Many small companies find this a challenge, because they simply might not have the resources to develop sustainable products or put greener practices into place. Are they in danger of being left behind in the developing market?
You do not have to do this all by yourself. If you are an SME, you can seek support in certain institutions, universities or associations such as Afera, that have the knowledge and expertise in-house or can point you in the right direction for developing a plan to meet your regulatory challenges. Yes, becoming REACH-compliant typically requires an investment which is not recovered the day after it is made. It takes time, but it will happen. So investment in environmental business policy must be made.
Particularly at our operations in EMEA, we are continually investing in improving safety and putting environmental practices into place. The first step is in producing tapes in a more environmentally friendly manner. The second step is figuring out how to use environmentally friendly raw materials. Every company should focus on these two aspects.
Last year we installed a co-generation unit in order to produce our own electricity in the factory in Genk. It is now up and running, and we are producing 30% of our own energy.
We have also installed a solar park. So far, it is only generating 3% of our total electricity used in the factory, but at present we can at least say that all our administrative offices are now CO2-neutral. The solar cell investment has a payback between 10 and 12 years, so it is not an investment you should make for purely economical reasons. We simply think we have to manufacture in a sustainable way, so we are on our way to doing it.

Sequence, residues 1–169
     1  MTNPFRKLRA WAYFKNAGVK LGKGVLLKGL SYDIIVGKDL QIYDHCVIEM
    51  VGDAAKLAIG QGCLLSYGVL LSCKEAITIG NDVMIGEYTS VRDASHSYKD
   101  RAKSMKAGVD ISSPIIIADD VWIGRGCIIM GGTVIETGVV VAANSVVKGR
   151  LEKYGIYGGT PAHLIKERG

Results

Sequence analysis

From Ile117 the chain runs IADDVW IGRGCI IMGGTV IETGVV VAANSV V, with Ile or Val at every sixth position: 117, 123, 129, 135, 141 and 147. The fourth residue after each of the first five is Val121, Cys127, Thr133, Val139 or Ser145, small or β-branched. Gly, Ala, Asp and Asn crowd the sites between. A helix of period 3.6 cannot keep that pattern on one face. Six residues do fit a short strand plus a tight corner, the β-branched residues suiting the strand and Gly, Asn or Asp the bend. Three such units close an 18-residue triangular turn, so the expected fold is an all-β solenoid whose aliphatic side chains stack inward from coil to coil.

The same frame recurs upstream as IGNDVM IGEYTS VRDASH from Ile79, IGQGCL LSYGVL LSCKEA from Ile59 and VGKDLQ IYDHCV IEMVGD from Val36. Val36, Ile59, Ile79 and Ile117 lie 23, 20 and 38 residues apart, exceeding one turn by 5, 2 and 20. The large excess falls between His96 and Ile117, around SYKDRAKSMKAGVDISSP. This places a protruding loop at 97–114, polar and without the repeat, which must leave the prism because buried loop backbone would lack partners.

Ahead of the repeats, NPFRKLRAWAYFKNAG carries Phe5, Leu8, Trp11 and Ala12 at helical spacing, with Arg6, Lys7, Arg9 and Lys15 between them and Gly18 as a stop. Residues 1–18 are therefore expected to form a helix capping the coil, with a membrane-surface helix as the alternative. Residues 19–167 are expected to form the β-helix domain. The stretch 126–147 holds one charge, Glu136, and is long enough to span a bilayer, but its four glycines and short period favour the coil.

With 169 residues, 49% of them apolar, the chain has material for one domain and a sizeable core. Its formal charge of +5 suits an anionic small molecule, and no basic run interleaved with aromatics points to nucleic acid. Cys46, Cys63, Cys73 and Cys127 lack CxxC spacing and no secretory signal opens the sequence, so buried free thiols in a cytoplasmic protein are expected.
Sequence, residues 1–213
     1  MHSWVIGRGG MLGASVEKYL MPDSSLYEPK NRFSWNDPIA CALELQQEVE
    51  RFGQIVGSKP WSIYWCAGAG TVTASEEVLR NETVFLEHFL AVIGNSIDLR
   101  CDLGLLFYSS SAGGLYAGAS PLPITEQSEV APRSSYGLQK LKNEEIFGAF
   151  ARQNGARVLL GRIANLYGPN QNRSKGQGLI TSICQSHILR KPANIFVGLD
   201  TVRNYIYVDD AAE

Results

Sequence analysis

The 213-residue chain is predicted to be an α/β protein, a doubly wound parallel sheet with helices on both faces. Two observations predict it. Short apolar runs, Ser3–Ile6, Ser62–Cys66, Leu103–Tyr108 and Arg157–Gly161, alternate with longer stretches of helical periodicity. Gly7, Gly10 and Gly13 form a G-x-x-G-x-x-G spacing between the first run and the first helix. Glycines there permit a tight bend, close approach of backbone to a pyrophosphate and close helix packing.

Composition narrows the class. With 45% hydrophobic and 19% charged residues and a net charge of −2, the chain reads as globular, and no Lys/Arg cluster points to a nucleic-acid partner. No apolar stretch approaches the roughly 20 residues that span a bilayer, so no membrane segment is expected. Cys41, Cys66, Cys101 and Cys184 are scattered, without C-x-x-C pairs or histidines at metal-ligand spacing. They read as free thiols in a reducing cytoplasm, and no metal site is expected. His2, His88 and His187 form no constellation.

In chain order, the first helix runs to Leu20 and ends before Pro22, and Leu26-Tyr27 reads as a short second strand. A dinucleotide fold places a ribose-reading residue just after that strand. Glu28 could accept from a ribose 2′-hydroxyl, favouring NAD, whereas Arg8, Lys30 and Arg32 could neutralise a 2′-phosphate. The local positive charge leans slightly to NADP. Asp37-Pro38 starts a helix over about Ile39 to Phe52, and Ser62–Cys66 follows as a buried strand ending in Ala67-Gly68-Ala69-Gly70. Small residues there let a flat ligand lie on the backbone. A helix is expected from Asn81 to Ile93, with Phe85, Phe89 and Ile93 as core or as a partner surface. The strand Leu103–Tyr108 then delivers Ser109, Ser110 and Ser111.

We see Nitto’s commitment to Afera in the quality and dedication of people participating in our activities. How exactly does Nitto view the importance of the Association?
Nitto has been a contributing member of Afera for many years. I have seen that when colleagues participate in the programmes and projects, they end up in good contact with partners in the market. Of course, a business cannot work on its own in the market. For example, we engage with SMEs in countries where we want to get closer to the market. Obtaining this local information and support is something we cannot do entirely within our own organisation. In some cases, meeting with localised SMEs is crucial to our business.
We also engage with our competitors at Afera, and I think the Association does a good, professional job of informing its members about complying with E.C. Competition Law in all of its operations. This goes for reminding committee and working group members at the beginning of all their meetings what subjects may not be discussed. In short, our membership in Afera offers us quality access to view the tape market and to contact its most important players.
Do you see Afera as a facilitator of meeting with the entire tape value chain or mainly your direct competitors?
We do see our competitors within Afera, but for us it is more about keeping up on the trends and developments in technology, the market, public affairs.... At the end of the day, every member company participating in Afera goes home with a lot of contacts and information, but it is up to us in each business to figure out how we are going to use these tools.
Advice to the SME tape manufacturer
If you could give a piece of advice to an SME tape manufacturer, or to someone setting up a tape business this year, what would it be?
Because the tape market is so wide, they have to find their unique space in the diversity. They need to think strategically—to ask themselves, where do I want to play in this market? Where do I want to make a difference in terms of product quality or specialty? This is the first step. SMEs have the great benefit of being very close to the customer locally almost on a daily basis. This is a great benefit to them, and if they can show value to their customer by intensive interaction, then I see a good future for them.